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Activating mutations in ALK provide a therapeutic target in neuroblastoma


Neuroblastoma, an embryonal tumour of the peripheral sympathetic nervous system, accounts for approximately 15% of all deaths due to childhood cancer1. High-risk neuroblastomas are rapidly progressive; even with intensive myeloablative chemotherapy, relapse is common and almost uniformly fatal2,3. Here we report the detection of previously unknown mutations in the ALK gene, which encodes a receptor tyrosine kinase, in 8% of primary neuroblastomas. Five non-synonymous sequence variations were identified in the kinase domain of ALK, of which three were somatic and two were germ line. The most frequent mutation, F1174L, was also identified in three different neuroblastoma cell lines. ALK complementary DNAs encoding the F1174L and R1275Q variants, but not the wild-type ALK cDNA, transformed interleukin-3-dependent murine haematopoietic Ba/F3 cells to cytokine-independent growth. Ba/F3 cells expressing these mutations were sensitive to the small-molecule inhibitor of ALK, TAE684 (ref. 4). Furthermore, two human neuroblastoma cell lines harbouring the F1174L mutation were also sensitive to the inhibitor. Cytotoxicity was associated with increased amounts of apoptosis as measured by TdT-mediated dUTP nick end labelling (TUNEL). Short hairpin RNA (shRNA)-mediated knockdown of ALK expression in neuroblastoma cell lines with the F1174L mutation also resulted in apoptosis and impaired cell proliferation. Thus, activating alleles of the ALK receptor tyrosine kinase are present in primary neuroblastoma tumours and in established neuroblastoma cell lines, and confer sensitivity to ALK inhibition with small molecules, providing a molecular rationale for targeted therapy of this disease.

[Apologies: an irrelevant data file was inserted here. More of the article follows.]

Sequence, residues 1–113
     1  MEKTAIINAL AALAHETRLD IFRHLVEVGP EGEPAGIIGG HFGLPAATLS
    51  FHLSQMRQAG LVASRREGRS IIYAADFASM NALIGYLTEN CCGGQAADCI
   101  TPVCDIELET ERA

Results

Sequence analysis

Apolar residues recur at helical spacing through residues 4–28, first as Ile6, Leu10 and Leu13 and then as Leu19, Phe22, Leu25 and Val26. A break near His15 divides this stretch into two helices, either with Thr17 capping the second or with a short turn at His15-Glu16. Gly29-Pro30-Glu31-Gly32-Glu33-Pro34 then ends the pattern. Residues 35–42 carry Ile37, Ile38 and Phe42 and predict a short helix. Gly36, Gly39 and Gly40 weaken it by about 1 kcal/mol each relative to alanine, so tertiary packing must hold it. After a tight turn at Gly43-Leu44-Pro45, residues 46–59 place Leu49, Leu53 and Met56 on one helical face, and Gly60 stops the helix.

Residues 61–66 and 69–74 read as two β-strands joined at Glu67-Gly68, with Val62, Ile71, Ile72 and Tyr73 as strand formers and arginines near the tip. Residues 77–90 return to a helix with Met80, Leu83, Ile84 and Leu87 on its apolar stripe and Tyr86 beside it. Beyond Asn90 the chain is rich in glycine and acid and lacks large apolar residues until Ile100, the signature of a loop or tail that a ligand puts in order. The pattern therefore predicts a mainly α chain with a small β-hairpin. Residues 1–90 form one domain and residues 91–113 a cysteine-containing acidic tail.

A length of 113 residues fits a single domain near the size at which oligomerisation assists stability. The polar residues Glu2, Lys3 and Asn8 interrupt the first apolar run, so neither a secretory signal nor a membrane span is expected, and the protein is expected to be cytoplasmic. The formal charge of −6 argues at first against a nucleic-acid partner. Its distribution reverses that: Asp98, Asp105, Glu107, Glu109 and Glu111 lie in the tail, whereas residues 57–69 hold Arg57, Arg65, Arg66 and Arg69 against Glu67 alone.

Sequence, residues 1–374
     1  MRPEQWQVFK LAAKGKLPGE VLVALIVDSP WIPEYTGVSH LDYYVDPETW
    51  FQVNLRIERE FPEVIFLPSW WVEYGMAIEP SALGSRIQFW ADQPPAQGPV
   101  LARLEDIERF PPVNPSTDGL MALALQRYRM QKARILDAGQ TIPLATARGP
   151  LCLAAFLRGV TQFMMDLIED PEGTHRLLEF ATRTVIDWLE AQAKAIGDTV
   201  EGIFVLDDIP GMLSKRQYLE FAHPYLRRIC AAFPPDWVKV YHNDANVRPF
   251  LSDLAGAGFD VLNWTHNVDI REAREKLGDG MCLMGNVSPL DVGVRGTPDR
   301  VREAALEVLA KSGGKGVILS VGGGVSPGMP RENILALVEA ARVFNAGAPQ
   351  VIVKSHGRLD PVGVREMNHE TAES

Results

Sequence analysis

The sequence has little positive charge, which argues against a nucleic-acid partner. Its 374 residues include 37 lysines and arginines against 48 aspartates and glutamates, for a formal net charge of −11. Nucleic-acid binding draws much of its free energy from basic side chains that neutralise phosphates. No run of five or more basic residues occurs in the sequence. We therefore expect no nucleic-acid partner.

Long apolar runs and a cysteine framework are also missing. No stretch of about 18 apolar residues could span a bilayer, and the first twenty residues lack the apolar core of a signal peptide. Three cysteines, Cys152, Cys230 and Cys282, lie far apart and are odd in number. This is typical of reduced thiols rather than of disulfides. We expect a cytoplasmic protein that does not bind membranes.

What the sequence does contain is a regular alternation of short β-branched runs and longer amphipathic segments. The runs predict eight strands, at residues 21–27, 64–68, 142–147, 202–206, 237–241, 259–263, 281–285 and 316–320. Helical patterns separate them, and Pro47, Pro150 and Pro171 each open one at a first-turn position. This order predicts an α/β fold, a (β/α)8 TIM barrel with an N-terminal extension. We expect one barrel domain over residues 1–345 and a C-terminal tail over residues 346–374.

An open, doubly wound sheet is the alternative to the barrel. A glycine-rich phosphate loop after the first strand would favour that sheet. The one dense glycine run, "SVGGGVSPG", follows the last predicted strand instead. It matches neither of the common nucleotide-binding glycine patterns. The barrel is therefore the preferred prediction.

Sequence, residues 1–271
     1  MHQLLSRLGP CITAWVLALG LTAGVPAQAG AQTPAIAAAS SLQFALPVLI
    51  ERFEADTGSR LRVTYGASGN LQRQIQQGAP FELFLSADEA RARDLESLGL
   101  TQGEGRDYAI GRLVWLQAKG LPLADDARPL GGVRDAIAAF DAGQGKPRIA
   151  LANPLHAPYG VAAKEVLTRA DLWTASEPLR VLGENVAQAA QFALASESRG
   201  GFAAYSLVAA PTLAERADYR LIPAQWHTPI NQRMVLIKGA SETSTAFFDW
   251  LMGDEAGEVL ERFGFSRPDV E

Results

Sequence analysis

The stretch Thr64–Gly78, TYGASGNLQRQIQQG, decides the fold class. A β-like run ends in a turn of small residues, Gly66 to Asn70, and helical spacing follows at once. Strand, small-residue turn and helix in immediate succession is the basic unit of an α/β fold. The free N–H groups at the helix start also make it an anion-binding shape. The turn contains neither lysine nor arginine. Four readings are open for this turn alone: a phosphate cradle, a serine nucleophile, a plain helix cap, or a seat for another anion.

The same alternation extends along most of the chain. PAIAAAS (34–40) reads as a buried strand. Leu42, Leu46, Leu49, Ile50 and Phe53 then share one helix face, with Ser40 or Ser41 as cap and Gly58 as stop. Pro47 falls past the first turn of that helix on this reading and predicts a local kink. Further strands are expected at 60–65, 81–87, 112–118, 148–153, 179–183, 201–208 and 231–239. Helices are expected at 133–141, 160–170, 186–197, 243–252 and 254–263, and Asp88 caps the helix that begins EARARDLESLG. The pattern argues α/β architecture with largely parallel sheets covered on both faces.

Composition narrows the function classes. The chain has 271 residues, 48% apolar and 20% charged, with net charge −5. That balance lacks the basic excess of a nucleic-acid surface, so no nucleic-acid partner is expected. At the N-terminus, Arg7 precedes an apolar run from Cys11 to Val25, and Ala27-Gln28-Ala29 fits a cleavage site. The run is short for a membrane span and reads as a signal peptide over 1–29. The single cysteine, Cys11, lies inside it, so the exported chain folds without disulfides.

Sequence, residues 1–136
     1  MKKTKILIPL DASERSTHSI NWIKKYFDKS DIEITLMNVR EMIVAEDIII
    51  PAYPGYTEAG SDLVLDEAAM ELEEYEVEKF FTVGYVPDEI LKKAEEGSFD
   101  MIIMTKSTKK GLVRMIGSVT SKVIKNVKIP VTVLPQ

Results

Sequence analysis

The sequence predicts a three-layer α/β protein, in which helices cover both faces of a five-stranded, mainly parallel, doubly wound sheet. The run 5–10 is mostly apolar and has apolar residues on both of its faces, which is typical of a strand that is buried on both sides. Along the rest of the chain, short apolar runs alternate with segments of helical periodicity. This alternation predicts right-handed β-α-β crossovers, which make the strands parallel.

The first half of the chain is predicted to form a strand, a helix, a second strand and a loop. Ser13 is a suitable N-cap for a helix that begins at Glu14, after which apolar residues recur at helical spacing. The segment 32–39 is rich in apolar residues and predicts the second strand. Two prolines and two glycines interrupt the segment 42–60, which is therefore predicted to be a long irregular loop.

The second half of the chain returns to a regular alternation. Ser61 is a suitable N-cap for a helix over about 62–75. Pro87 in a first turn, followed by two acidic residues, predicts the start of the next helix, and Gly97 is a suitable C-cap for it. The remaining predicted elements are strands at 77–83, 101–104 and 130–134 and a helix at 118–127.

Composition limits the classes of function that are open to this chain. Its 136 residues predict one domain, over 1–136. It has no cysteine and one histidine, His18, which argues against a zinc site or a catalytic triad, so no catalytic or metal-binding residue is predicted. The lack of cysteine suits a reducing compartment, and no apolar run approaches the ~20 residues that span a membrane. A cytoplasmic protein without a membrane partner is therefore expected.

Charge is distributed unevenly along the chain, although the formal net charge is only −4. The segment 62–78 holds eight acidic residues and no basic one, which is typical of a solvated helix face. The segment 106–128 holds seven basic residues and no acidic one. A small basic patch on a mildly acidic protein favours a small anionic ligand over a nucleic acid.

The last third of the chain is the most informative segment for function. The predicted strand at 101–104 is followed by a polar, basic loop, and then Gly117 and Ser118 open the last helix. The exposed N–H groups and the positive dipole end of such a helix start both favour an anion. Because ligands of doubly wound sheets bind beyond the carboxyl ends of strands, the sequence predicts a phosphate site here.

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Figure 1: ALK mutant alleles F1174L and R1275Q are activating in Ba/F3 cells and are sensitive to pharmacological inhibition.
Figure 2: Neuroblastoma cell lines harbouring the F1174L ALK mutation, but not the R1275Q ALK mutation, are dependent on the altered protein for growth and survival.
Figure 3: The constitutively activated F1174L ALK protein has a higher turnover rate than wild-type ALK in neuroblastoma cell lines.

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Gene Expression Omnibus

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Microarray data have been submitted to the Gene Expression Omnibus ( public database. The accession numbers for the SNP array analyses are GSM206563 and GSM206564.


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We thank J. Elechko and L. Moreau for technical assistance, A. Azarova for help with cell culture and cell growth assays, Q. Jiang and X. Cui for assistance during ALK small-molecule inhibitor development, and A. Kung for Ba/F3 cells and retroviral vectors. We acknowledge the Children’s Oncology Group for provision of neuroblastoma tumour and matched normal DNAs, and tumour touch prep slides. We thank J. Maris for neuroblastoma cell lines. We thank Abbott Molecular International for the Vysis LSI ALK Dual Color, Break Apart Rearrangement Probe. This work was supported by grants from the National Institutes of Health (R.E.G.), the Friends for Life Neuroblastoma Fund (R.E.G.), the Children’s Oncology Group (R.E.G.), Alex’s Lemonade Stand Foundation (M.H. and M.M.), NCI CA69129 (L.X. and S.W.M.), Cancer Center Core grant CA21765 (T.R.W., L.X. and S.W.M.), the American Lebanese Syrian Associated Charities and St. Jude Children’s Research Hospital (T.R.W., L.X. and S.W.M.).

Author Contributions R.E.G., M.M. and A.T.L. designed the experiments and wrote the manuscript. M.H., H.G. and M.M. performed the DNA sequencing and analysis. T.S., S.F., W.L., Y.A., H.G. and R.E.G. carried out the functional analyses. J.Z., W.Z. and N.S.G. performed the homology modelling and synthesis of TAE684. W.B.L. and P.M. performed the statistical analysis. S.Z., V.E.G. and T.R.W. were involved with the design of ALK inhibitors. L.X. and S.W.M. assisted with experimental design, provided reagents and advice on ALK inhibitors. M.M., L.D. and D.G.G. provided advice on the manuscript.

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Correspondence to Matthew Meyerson or A. Thomas Look.

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George, R., Sanda, T., Hanna, M. et al. Activating mutations in ALK provide a therapeutic target in neuroblastoma. Nature 455, 975–978 (2008).

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